From working with charities like Addaction and Samaritans we know there is a huge amount of knowledge about what works in practice. When it comes to the delivery of digital and holistic multi-channel services,  we’ve learned by doing. We know what works (and what doesn’t!) The question is, how can we share this knowledge to design and deliver better services at scale? We’re seeing some poor products enter the market. They’re making which could be avoided by building on the rich knowledge that the charity or public sector often holds.  To address this, we started working with Public Policy Lab and an open community to develop a prototype of a free, public domain set of patterns for the design and delivery of digital services that address mental health needs. We launched a prototype in 2018. This was very much a first iteration to explore how a best practice library could work.  We needed more funding and, crucially, the support and expertise of a charity with experience of providing services to young people to work with. Partnering with Barnado’s and the #RESET funding is enabling us to develop the library’s full potential. We’ll expand it, creating a dedicated section for young people and of course testing to ensure it really works. The aim is is to make sure young people who need support can access it wherever they are and organisations that deliver it can tell that it’s working.  As well as Barnado’s, the other organisations receiving funding include The Mix, Chasing the Stigma, YoungMinds, stem4, Nightline Association and The Anna Freud National Centre for Children and Families. They will deliver a range of activities, including improving signposting online, developing new digital products and digitally transforming their organisation to meet demand.   [post_title] => Sharing knowledge for better mental health services [post_excerpt] => [post_status] => publish [comment_status] => open [ping_status] => open [post_password] => [post_name] => sharing-knowledge-to-build-better-mental-health-services [to_ping] => [pinged] => [post_modified] => 2019-12-05 01:48:23 [post_modified_gmt] => 2019-12-05 01:48:23 [post_content_filtered] => [post_parent] => 0 [guid] => http://wearesnook.com/?p=18504 [menu_order] => 0 [post_type] => post [post_mime_type] => [comment_count] => 0 [filter] => raw ) [44] => WP_Post Object ( [ID] => 18502 [post_author] => 29 [post_date] => 2019-12-03 16:23:08 [post_date_gmt] => 2019-12-03 16:23:08 [post_content] =>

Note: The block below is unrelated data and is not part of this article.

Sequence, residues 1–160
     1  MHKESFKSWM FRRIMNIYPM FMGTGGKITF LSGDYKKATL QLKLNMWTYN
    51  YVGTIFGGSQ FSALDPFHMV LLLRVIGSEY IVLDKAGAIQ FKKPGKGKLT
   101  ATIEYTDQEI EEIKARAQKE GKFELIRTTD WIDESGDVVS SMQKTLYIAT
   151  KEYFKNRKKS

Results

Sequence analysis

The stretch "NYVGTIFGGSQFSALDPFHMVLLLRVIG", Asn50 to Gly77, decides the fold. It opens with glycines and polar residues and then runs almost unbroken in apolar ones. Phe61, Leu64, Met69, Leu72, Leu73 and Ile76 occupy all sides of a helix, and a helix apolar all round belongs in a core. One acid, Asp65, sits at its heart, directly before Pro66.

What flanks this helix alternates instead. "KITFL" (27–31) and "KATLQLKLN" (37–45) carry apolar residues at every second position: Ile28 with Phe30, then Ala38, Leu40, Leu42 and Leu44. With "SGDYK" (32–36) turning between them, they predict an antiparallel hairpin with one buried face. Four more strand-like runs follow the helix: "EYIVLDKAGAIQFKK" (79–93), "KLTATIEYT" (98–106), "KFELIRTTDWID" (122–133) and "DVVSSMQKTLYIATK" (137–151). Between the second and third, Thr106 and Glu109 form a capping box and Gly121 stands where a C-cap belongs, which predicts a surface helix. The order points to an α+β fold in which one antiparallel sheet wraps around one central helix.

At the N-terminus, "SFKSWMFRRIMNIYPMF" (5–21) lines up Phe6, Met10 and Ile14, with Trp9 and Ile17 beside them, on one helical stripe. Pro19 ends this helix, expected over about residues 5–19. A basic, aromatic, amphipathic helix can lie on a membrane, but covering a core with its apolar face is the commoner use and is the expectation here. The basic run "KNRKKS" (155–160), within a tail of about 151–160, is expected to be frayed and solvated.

Building a network around Design for Sustainability